What are the health implications of PM10 and PM2.5



Epidemiological studies show that the most severe health effects caused by air pollution are due to particulate matter, and to a lesser extent, to ozone. Inhalation of particulate matter causes irritation or damage to the pulmonary tissue. Particulate matter can cause both short and long-term health effects.

According to the World Health Organisation (WHO) there is no safe threshold value below which no harmful effects occur. While particles with a diameter of 10 microns or less, (≤ PM10) can penetrate and lodge deep inside the lungs, the even more health-damaging particles are those with a diameter of 2.5 microns or less, (≤ PM2.5). PM2.5 can penetrate the lung barrier and enter the blood system. Chronic exposure to particles contributes to the risk of developing cardiovascular and respiratory diseases, as well as of lung cancer.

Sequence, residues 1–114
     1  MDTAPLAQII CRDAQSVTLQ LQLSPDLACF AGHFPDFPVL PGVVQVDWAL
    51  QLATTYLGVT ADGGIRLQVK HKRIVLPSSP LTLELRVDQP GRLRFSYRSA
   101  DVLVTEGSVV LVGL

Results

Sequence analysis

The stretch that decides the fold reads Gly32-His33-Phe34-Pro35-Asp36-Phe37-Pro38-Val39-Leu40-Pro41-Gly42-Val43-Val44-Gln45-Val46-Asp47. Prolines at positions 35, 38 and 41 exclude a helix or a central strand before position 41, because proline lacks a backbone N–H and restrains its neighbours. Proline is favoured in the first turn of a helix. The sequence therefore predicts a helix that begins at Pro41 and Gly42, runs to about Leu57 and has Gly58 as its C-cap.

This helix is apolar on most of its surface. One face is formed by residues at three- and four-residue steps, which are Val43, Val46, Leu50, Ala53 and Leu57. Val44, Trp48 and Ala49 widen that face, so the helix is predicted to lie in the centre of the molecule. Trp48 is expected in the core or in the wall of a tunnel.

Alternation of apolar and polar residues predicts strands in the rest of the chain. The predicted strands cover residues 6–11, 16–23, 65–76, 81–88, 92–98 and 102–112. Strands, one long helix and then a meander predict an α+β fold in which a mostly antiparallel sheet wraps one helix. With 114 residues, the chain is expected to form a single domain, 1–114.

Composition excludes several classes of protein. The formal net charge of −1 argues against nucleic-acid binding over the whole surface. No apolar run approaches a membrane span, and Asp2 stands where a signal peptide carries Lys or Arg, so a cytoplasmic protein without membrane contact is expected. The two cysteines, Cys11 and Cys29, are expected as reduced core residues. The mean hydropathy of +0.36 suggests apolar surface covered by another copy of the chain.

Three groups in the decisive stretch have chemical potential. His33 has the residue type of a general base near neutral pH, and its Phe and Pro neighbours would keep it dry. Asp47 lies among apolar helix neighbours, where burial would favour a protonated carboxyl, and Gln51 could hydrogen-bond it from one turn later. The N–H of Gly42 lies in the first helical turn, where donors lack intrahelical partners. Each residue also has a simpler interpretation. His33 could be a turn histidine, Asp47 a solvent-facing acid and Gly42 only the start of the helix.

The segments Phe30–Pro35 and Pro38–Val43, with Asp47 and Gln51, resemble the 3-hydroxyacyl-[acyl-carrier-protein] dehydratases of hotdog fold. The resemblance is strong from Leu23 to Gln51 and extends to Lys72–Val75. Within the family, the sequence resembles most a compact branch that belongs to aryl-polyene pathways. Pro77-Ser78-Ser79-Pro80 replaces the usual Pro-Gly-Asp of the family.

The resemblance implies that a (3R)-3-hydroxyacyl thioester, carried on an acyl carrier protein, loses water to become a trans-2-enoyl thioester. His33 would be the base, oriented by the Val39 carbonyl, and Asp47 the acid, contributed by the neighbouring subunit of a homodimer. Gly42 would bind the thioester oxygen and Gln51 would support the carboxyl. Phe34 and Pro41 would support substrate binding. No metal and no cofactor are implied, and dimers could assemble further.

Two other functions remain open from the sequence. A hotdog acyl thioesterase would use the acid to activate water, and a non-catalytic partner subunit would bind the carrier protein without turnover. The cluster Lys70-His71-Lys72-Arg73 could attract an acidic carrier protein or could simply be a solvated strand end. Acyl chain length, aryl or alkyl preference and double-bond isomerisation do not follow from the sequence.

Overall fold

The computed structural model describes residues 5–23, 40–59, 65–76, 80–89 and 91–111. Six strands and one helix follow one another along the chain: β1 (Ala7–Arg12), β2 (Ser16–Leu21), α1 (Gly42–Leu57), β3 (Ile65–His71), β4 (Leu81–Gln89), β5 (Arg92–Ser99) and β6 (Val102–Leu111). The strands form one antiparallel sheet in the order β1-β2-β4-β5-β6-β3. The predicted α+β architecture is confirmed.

More information can be found at 

https://www.who.int/news-room/fact-sheets/detail/ambient-(outdoor)-air-quality-and-health



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